I seek logical explanations of the instruction on page 137 of the ArtScroll Siddur (Ashkenaz) concerning sitting for Shomer Yisrael. It states:

On all days, Tachanun continues with 'O Guardian of Israel.' [On Sunday, Tuesday, Wednesday and Friday remain seated until after the three words 'We know not,' then stand until the conclusion of Tachanun.]

The instructions distinguish between weekdays when we read the Torah and other weekdays. Why does the siddur say we remain seated on Sun, Tues, Wed, and Fri? As I understand the ritual, we are sitting at this point on every weekday, and we stand for the last paragraph on all weekdays (when Tachanun is said).

  • 7
    On Monday and Thursday we say the long tachnun beforehand, while standing.
    – shmosel
    Jan 23 at 3:32
  • 3
    Which nusach is this?
    – Lo ani
    Jan 23 at 9:13
  • 2
    @Shababnik Please restate your comment. I do not understand what you wrote.
    – Yehuda W
    Jan 23 at 14:25
  • 1
    @Loani Nusach Ashkenaz. (I updated the question.)
    – Yehuda W
    Jan 23 at 14:26
  • 2
    Does it say to stand by "hashem elokai Yisrael" (after vayomer David on Monday and Thursday)?
    – Lo ani
    Jan 23 at 14:39

1 Answer 1


The idea is that we are doing 3 different things during Tachanun, no matter what the day:

  • Standing
  • Sitting normally
  • Leaning your face on an arm ("falling on one's face", which replaces actual prostrating)

At Mincha on all days and at Shacharis on Sunday, Tuesday, Wednesday and Friday, there is no clear place to stand. So we stand for the last section as indicated, and very logically with "we know not" - i.e., we don't know how to act so we are trying to do all 3 and at this point - when we have already done 2 out of 3 - we switch to the third mode, which is standing.

On the other hand, on Monday and Thursday morning we have already had a standing portion so there is no need to get up in the middle of what would otherwise logically be a contiguous sitting section, as we have already at that point included all three modes.

A longer discussion is in this Chabad article. In particular note the concluding paragraph:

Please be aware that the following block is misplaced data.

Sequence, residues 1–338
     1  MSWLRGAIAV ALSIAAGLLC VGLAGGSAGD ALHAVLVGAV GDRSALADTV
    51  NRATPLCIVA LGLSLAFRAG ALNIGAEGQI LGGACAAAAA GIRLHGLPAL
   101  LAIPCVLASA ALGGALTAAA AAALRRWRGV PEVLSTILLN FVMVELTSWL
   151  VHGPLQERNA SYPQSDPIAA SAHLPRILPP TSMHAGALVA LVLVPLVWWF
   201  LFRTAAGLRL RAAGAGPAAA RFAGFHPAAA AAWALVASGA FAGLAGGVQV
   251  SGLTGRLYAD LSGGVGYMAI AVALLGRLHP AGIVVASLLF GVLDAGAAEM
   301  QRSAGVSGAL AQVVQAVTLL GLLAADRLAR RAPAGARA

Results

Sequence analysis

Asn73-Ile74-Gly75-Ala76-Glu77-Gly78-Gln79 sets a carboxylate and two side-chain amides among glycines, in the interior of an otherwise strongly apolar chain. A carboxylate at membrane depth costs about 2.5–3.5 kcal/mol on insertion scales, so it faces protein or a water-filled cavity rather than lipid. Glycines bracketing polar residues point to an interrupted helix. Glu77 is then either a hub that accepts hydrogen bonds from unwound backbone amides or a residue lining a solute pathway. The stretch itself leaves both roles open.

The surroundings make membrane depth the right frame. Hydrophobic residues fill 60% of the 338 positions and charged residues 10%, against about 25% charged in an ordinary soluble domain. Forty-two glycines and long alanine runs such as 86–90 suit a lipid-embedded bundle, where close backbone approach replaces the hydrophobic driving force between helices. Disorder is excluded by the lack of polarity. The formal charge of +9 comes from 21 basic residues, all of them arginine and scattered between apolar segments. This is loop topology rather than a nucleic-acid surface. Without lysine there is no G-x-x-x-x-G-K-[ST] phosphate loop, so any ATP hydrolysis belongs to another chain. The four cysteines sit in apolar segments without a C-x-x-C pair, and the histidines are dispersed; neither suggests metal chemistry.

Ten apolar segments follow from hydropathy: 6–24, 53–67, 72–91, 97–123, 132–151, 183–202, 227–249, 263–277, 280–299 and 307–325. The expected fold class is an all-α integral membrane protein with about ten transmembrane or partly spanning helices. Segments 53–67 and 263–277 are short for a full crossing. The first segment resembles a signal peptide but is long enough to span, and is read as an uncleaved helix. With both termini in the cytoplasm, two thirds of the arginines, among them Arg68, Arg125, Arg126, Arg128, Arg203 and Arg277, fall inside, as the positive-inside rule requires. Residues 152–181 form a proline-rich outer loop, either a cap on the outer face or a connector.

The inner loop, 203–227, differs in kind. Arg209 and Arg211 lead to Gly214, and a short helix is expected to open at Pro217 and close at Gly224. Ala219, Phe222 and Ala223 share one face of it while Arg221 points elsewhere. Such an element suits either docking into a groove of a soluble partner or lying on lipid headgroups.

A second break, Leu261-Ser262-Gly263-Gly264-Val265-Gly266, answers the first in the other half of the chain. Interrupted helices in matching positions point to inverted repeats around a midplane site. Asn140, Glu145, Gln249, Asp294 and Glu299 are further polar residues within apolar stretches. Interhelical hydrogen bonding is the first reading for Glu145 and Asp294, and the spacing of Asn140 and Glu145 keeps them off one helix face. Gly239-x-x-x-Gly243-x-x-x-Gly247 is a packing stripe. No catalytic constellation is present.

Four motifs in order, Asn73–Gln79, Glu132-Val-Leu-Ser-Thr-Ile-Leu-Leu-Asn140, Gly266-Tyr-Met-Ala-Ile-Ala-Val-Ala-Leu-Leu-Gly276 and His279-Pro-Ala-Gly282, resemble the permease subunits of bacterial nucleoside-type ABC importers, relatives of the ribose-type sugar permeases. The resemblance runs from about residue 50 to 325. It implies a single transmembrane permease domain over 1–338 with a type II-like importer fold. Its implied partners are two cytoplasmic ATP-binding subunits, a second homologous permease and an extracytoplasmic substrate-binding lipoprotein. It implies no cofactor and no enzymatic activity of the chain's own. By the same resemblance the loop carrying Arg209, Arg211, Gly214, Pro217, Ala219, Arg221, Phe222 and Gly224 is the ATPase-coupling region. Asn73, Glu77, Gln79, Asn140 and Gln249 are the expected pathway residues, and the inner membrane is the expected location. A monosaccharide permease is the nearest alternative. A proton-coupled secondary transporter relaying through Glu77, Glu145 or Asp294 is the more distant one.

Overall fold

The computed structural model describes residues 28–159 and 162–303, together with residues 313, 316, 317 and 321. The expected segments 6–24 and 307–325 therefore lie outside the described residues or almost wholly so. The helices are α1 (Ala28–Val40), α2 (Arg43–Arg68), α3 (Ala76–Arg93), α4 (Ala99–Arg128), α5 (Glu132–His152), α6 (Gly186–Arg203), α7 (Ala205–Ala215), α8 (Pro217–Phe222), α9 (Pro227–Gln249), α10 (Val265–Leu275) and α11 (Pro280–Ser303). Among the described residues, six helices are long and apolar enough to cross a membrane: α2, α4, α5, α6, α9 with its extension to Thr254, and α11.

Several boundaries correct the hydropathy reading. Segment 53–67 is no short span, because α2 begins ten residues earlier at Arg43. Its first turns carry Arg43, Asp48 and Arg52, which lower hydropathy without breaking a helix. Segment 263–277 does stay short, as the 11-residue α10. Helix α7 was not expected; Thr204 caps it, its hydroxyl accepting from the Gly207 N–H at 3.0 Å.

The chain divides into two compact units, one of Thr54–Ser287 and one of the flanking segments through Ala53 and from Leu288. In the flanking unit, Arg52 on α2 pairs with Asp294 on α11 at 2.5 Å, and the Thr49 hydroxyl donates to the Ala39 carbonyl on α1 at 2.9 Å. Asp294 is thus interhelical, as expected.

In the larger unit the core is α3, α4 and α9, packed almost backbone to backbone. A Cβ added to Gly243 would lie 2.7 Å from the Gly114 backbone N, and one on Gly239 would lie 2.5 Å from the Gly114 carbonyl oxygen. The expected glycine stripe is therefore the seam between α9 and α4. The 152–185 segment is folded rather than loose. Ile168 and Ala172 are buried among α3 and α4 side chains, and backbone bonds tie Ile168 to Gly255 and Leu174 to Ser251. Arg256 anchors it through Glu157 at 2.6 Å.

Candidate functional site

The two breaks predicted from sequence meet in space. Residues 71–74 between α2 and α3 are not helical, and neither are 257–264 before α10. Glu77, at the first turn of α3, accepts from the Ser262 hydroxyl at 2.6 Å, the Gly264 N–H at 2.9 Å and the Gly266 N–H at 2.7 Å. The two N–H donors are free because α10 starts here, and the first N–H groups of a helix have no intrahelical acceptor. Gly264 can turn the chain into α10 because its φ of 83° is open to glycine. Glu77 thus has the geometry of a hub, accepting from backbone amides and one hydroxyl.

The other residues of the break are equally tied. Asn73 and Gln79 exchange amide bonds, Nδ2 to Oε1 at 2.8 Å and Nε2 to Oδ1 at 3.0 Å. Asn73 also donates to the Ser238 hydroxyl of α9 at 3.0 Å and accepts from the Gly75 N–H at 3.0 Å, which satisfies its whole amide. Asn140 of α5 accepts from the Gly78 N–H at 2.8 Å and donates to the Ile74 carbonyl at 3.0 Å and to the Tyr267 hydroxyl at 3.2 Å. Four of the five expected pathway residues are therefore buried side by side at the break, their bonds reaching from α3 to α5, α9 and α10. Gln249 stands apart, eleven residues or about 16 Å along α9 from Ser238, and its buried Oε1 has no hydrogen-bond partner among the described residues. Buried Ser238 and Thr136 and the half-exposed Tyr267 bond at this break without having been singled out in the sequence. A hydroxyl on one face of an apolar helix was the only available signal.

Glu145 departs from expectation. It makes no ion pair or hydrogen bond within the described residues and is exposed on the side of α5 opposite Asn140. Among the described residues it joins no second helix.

After nefilat apayim, one should raise his head and briefly recite supplications while sitting. Afterward, it is the custom to recite the passage Va'anachnu lo neida, "We do not know what to do...," as if to say: We have prayed in every position in which a person could pray—sitting, standing and prostrated—just as was done by Moses, our teacher. We have done all that we know. Now, G‑d, "remember Your mercy and kindness . . . save us and atone for our sins for the sake of Your Name!"

While "prayed in every position" used broadly will take care of everyone on every day, used specifically for the parts of Tachanun requires, for regular Ashkenazi Nusach, adding a standing up part except on Monday/Thursday Shacharis.

  • This makes sense, but I'm pretty sure I've seen people stand at the same point on Mondays and Thursdays. Habit? A reasonable variation?
    – Mike
    Mar 31 at 21:32
  • Habit for sure. Reasonable variation? Probably. But I know a lot of people are confused about this particular issue. Mar 31 at 21:37
  • 1
    When there are selichos or Avinu Malkeinu, we've also already stood by that point. Also for those who say viduy every day.
    – Heshy
    Mar 31 at 22:42
  • @Heshy avinu malkenu and selichos are not typical days. As far as vidui, that's why I referred to standard Ashkenazi nusach. Mar 31 at 22:45
  • Note that nussach Chabad doesn't make a point of sitting down except for nefilat apayim.
    – shmosel
    Apr 1 at 0:21

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